While I am always happy to see the little ones who serve so faithfully in the Body of Christ called into the public eye by any commentator, woven throughout this backhanded compliment are derogatory caricatures of Catholicism. Here some more examples: "Paleolithic edicts on social issues..." Read, Mr. Kristof does not agree with the Catholic Church's unwavering and uncompromising positions on life, marriage, family, freedom, human sexuality, ....and her insistence on the existence of objective truths to guide human behavior which can beknown by reason and are revealed in the Natural Law.
Yet, it is the position the Church holds on the dignity of all human life, including the child in the womb, which puts her at the forefront of caring for all the poor. Blessed Teresa of Calcutta reminded us that children in the womb are the "poorest of the poor". This is not "paleolithic" but prophetic. This author simply does not like the Catholic Church. He tries to hide his disdain for her structure and teachings by pointing out the heroes. However, they exist precisely because of what the Church teaches.
After telling us that those "at the top" have "strayed from their roots" he tells us "Sister Cathy would like to see more decentralization in the church, a greater role for women, and more emphasis on public service. She says she worries sometimes that if Jesus returned he would say, "Oh, they got it all wrong!"...She would make a great pope, too."It's because of brave souls like these that I honor the Catholic Church. I understand why many Americans disdain a church whose leaders are linked to cover-ups and antediluvian stances on women, gays and condoms - but the Catholic Church is far larger than the Vatican."
The Church "at the top" has NOT strayed from its roots. In fact, one of the Pope's titles is "servant of the servants of God". His witness, words and example are inspiring and humble. The "Vatican" Kristof derides refers to the "magisterium", the teaching office of the Church; the Pope and the Bishops in union with Him. For the faithful Catholic, they are a gift, an answer to the promise of the Lord that He would not leave us orphans!
The writer should come clean; he does not like the Pope. Efforts to attach the Pope personally to the egregious sin and evil committed by some clergy are not new and will not succeed. The Pope is the successor of Peter, and a gift from the Lord for those who can receive him. He is not some CEO in some power matrix as this kind of loaded language portrays.
Sister Cathy's alleged longing for "decentralization" may actually depict her poor grasp of "ecclesiology", the area of theology concerning the nature of the Church. The Church is not, in the first instance, organizational; it is organic. It is the Body of Christ. It is Christ who established its structure and Christ who continues His redemptive mission through her.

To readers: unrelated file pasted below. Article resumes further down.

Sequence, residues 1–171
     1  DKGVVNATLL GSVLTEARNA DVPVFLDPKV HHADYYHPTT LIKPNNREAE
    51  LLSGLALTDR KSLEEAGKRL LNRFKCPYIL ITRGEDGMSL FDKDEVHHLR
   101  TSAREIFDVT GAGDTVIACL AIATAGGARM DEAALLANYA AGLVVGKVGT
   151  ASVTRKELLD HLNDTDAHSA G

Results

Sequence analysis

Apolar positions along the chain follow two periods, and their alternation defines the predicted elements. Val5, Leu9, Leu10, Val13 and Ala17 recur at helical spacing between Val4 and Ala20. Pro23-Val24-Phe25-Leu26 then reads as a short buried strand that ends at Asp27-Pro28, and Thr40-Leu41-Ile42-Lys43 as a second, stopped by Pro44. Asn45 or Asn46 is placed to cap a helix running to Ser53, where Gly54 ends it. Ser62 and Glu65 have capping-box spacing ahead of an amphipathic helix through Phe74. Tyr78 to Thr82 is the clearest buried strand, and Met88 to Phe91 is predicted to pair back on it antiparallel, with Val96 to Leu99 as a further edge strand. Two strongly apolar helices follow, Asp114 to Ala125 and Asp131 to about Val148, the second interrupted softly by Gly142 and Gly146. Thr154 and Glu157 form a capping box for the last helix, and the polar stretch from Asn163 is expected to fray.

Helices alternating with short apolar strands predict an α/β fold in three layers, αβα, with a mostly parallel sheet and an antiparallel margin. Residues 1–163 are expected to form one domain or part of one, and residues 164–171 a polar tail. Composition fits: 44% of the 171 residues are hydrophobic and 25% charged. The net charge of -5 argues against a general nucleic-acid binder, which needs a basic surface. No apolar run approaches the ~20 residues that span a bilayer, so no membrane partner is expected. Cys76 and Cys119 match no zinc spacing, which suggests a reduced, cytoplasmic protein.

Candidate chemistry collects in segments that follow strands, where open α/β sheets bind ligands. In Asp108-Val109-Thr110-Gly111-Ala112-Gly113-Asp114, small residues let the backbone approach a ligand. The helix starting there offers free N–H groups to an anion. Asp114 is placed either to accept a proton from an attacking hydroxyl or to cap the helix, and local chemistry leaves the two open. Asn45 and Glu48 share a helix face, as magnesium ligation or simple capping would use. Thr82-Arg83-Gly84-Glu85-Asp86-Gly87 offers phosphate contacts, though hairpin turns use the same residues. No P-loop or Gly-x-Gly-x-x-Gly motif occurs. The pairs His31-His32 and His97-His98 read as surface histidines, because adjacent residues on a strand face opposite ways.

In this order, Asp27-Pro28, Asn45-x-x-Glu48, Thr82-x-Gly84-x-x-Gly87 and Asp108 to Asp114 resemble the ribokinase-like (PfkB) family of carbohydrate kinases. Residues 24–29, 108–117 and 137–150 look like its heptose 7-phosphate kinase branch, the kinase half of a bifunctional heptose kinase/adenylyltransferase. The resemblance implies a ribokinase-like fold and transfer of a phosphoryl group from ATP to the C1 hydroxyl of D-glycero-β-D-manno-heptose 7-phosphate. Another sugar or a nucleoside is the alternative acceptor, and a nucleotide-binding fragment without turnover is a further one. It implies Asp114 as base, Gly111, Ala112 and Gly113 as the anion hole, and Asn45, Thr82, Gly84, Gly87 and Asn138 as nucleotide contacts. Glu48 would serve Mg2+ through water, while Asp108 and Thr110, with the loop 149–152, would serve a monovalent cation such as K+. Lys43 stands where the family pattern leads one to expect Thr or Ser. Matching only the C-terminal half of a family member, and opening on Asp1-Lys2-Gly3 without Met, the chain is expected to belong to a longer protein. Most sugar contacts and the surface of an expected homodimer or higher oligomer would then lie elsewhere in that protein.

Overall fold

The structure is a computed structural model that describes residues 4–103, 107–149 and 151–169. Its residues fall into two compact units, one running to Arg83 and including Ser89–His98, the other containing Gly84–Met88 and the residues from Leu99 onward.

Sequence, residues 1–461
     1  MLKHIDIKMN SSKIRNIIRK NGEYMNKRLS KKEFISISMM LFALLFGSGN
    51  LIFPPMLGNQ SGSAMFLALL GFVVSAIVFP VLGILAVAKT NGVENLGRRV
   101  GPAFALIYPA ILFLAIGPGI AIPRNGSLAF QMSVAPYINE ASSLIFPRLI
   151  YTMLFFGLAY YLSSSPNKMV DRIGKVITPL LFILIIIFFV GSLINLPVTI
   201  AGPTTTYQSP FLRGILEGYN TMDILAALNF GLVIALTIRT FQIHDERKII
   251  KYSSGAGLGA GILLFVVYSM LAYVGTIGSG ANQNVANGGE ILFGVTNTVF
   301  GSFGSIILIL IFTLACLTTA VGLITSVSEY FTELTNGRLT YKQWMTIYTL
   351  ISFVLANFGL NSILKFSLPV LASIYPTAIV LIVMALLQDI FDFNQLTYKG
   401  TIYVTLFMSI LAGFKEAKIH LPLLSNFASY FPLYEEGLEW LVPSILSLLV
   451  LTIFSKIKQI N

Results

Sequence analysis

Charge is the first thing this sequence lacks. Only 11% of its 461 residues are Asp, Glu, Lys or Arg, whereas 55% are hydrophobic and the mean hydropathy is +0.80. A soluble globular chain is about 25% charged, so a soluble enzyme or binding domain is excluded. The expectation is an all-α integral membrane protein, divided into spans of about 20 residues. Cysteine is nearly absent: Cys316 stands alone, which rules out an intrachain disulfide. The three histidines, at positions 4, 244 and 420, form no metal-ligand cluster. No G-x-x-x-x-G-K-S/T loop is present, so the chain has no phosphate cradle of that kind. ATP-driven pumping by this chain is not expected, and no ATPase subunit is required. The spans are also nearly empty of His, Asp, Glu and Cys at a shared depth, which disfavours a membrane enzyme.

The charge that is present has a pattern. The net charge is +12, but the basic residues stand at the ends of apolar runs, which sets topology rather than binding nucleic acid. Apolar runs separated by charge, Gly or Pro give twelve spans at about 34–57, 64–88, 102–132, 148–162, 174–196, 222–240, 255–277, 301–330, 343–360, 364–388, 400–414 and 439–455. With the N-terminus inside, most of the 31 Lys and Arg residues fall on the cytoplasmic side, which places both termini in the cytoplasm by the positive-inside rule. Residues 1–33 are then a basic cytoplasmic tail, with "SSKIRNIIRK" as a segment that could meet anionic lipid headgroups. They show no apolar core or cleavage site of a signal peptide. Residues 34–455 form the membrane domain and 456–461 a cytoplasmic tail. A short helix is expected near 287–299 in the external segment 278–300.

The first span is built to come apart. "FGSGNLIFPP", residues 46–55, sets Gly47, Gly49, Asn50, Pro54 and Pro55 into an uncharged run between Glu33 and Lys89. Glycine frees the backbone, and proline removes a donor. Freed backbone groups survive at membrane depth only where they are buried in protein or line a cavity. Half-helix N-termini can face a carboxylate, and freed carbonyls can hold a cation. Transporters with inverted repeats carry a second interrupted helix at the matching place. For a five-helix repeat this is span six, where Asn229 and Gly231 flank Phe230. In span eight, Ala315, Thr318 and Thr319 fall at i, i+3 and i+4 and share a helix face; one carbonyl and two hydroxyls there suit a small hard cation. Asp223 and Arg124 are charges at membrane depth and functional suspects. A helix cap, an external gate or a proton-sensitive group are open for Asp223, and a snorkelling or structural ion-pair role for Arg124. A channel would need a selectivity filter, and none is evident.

Sister Cathy will never be Pope because she has a unique and important role, as Mother Teresa so clearly demonstrated, as a member of the Body placed in a particular relationship of love. Her role is irreplaceable. Mary, the Mother of the Lord, was not Pope. Clearly, no-one among the sons and daughters of Adam has ever played a more significant role. Mr. Kristof should read St. Paul's wonderful instruction on the structure of the Body of Christ and the importance of every member in the twelfth chapter of his first Letter to the Christians in Corinth.
His use of one particular phrase at the end of this back handed compliment is particularly offensive. He writes that the Church has "antediluvian stances on women, gays and condoms." The disparaging term antediluvian means "before the flood". He is using the word to demean the stances of the Catholic Church on such vital truths like the dignity of women; the dignity of human sexuality as properly reserved for the total gift of conjugal love between a man and wife in the marital embrace (not the disordered use of a man- or a woman - for sexual release); and on the marital act always being open to life and to the complete gift of the spouses in the marital embrace, unimpeded by a condom.
However, these positions are anything but "old fashioned". They unfold a vision of the human person, human love and sexuality, marriage and the human family and a truly free and just society which paves the path to human flourishing, authentic human freedom and a future of authentic freedom.
So, while I am glad Mr. Kristof found some of the many truly sacrificial servants of the Catholic Church in the Sudan, his comments reveal a dreadful lack of understanding of what the Catholic Church proclaims, has always proclaimed and will always proclaim. Some of what he characterizes as "top down" structures and "antediluvian" positions are truly liberating gifts when embraced within the new way of life offered to all through the waters of baptism and entry into the communion of the Church. We live in an age characterized by what Pope Benedict XVI properly called a "Dictatorship of Relativism". Our Church proclaims the existence of objective truths which can be known and which should order our life together.
For some like Nicholas D. Kristof that will continue to be a problem. We should pray for him. However, he should stop his backhanded compliments of the Catholic Church and we should do all we can to expose them and their real intent.
By Kevin J. Jones, CNA/EWTN News